Ken Ruinard

Swinney: No. 1 Clemson ready to begin another title run

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Clemson coach Dabo Swinney is not sure he has ever been this eager to start a season for the top-ranked Tigers after months of uncertainty due to the global pandemic.

“I’ve seen our culture win the day since March,” Swinney said Tuesday. “This is a very close football team, it’s a well-led team, a very smart team and it’s an exciting team. I can’t wait to see them play and get to do what they love to do.”

The Tigers open the COVID-19-altered season at Wake Forest on Saturday night. The coach believes he has a healthy, confident team that is ready to make a run for a sixth Atlantic Coast Conference crown and sixth trip to the College Football Playoff following the suspension of spring workouts in March and a troubling run of coronavirus cases in mid-to-late June.

“There’s nobody that has to be here,” Swinney said. “But everybody’s here.”

That includes quarterback Trevor Lawrence, a front-runner for the Heisman Trophy, and two-time ACC player of the year in tailback Travis Etienne.

“It’s time to play,” Lawrence said.

But the quarterback has also found the time to become a team-leader off the field, speaking out for social justice and the rights of players.

Lawrence posted goals on social media put together by several college players across the nation that call for change, including ensuring teammates are registered to vote and have election day (Nov. 3) “free from athletic obligations” to cast ballots, and using messages and statements on uniforms and helmets to raise awareness of social injustice.

Lawrence and Clemson running back Darien Rencher were leaders in a march last June to protest the death of George Floyd while in Minneapolis police custody.

“I know that there’s a lot of eyes on me. Critics, but also younger generations and people looking up to me,” Lawrence said. “I want to use my platform the right way.”

The QB said none of his off-field actions took away from his mission on improving his game: working on his footwork, reading defenses and throwing accuracy heading into his junior year.

“I think we’re in a really good place,” Lawrence said. “There’s been a lot going on and now, I think we’re in a spot where we can focus a little bit more on football.”

Lawrence is 25-1 as a starter, that loss in perhaps his worst showing in college when he was just 18 of 37 without a touchdown in a 42-25 loss to LSU in the national title game last January.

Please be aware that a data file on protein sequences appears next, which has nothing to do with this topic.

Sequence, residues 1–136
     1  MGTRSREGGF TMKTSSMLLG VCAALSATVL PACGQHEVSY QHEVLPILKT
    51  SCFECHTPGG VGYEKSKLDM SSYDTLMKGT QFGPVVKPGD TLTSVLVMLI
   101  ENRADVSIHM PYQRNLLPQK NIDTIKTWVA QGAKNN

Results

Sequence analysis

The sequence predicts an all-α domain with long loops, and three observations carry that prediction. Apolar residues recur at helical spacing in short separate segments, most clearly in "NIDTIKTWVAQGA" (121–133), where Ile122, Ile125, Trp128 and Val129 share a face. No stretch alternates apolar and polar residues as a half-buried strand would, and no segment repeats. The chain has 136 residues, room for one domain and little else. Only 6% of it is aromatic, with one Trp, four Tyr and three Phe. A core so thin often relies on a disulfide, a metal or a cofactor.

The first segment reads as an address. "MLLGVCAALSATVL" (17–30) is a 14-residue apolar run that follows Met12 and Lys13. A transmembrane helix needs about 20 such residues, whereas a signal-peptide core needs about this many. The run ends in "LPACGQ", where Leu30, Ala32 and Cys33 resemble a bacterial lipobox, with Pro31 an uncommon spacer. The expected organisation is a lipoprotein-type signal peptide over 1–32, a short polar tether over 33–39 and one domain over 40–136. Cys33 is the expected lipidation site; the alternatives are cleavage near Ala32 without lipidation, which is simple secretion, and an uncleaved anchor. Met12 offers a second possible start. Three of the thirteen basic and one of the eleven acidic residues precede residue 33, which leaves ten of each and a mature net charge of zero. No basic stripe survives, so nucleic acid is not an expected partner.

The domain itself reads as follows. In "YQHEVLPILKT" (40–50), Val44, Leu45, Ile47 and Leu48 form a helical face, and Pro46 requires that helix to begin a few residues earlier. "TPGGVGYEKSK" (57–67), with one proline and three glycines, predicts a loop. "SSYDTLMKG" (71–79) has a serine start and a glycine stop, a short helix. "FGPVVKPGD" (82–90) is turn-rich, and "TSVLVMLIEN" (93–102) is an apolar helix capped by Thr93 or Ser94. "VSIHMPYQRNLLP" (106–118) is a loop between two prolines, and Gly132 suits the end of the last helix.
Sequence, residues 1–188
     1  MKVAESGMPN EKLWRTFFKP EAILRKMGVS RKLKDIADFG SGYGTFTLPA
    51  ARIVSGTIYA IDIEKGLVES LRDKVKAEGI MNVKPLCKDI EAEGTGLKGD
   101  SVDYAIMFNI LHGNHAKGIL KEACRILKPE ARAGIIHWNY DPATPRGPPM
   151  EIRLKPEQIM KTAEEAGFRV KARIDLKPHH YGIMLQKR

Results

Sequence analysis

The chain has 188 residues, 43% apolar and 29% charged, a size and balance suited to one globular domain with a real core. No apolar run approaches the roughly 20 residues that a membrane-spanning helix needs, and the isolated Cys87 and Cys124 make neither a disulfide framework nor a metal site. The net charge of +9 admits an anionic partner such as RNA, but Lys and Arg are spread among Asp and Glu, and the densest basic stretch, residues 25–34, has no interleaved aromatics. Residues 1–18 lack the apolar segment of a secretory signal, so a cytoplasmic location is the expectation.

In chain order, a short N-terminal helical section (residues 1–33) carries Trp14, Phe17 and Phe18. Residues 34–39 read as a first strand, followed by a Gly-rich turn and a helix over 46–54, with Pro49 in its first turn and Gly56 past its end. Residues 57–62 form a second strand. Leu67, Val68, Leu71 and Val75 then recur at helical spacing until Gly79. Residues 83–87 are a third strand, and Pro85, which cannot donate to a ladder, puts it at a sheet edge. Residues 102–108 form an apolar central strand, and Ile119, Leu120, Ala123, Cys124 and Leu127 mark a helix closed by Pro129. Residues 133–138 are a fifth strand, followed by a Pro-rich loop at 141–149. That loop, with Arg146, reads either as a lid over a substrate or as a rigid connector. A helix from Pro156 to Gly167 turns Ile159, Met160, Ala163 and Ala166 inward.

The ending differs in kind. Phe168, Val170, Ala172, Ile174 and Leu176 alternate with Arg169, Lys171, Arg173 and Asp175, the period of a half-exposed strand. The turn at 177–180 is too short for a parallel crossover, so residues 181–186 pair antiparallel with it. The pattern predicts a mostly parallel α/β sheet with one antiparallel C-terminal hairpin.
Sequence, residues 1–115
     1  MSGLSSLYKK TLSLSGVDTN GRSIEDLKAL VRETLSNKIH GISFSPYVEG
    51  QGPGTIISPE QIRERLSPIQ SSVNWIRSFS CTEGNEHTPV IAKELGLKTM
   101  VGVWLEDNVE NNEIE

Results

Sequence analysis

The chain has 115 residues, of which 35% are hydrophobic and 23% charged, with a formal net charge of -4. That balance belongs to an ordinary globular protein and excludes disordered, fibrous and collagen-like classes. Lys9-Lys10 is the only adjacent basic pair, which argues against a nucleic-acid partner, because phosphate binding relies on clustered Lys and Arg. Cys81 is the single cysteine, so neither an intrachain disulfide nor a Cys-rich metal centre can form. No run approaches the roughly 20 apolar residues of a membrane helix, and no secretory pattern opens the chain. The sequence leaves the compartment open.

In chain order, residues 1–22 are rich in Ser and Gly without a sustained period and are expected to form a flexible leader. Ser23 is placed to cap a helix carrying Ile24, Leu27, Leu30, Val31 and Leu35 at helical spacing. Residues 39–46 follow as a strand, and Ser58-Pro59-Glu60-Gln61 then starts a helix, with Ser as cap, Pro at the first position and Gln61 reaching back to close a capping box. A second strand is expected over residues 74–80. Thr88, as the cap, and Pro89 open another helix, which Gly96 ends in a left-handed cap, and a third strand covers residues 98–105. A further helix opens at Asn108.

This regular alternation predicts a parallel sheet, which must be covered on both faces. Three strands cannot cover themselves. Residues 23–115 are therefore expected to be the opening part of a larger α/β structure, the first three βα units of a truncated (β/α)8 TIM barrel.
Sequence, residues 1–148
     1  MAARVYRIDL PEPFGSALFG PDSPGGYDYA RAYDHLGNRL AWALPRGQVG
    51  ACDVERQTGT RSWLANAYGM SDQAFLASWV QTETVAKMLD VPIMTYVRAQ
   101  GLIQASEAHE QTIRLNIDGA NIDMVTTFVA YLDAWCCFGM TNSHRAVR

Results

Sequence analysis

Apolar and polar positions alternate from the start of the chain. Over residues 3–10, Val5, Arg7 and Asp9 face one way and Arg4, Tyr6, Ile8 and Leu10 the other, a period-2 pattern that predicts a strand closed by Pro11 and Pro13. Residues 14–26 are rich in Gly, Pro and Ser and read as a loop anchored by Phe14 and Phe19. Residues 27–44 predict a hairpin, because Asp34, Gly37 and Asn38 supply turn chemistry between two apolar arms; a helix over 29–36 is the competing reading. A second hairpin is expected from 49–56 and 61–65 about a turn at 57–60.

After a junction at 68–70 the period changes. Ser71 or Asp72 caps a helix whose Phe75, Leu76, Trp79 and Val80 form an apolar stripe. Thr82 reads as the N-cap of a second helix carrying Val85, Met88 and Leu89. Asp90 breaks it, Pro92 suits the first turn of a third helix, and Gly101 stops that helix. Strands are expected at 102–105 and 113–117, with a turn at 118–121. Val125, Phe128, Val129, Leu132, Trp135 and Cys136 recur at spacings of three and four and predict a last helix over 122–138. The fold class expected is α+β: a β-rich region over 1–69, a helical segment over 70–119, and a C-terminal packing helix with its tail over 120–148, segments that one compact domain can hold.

Lawrence won’t have some of the targets that helped him pass for 36 touchdowns last season. Receiver Tee Higgins left for the NFL while Justyn Ross, who would’ve been a junior this season, is out for the year after spinal fusion surgery.

Higgins and Ross combined for 21 touchdown catches and better than 50% of Lawrence’s 3,665 passing yards from a year ago.

Expect Etienne, who returned for his senior season instead of going pro, to pick up some of that load. Clemson offensive coordinator Tony Elliott, also running backs coach, said Etienne has steadily improved his pass catching and can play a bigger role out of the backfield.

Sophomore Joseph Ngata, a starting receiver, said the long, strange offseason gave him and teammates more time to work on themselves.

“I think it was a blessing in disguise in some ways,” he said. “We’ll see it.”

Tigers center Cade Stewart, one of four new starters along the offensive line, has grown antsy with the longer than normal fall camp. Clemson was supposed to open its season last Thursday night at Georgia Tech.

Stewart welcomes the routine of game week because it leads to finally getting back on the field.

“I think everyone’s super excited because that feeling of routine and normality,” he said. “That’s the reason we come here because of the structure.”

Move toward fall football ramps up in Pac-12, Mountain West

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The Pac-12 university presidents and chancellors will meet Friday and be presented options for staging a fall football season, but Commissioner Larry Scott says a vote by the CEO Group is not expected.

“(Friday) is a chance to get everyone caught up on what’s been a very dynamic and rapidly changing series of events over the last 24 to 48 hours,” Scott told The Associated Press on Thursday. “We’ll obviously have to decide soon, but I’m not necessarily expecting a decision (Friday).”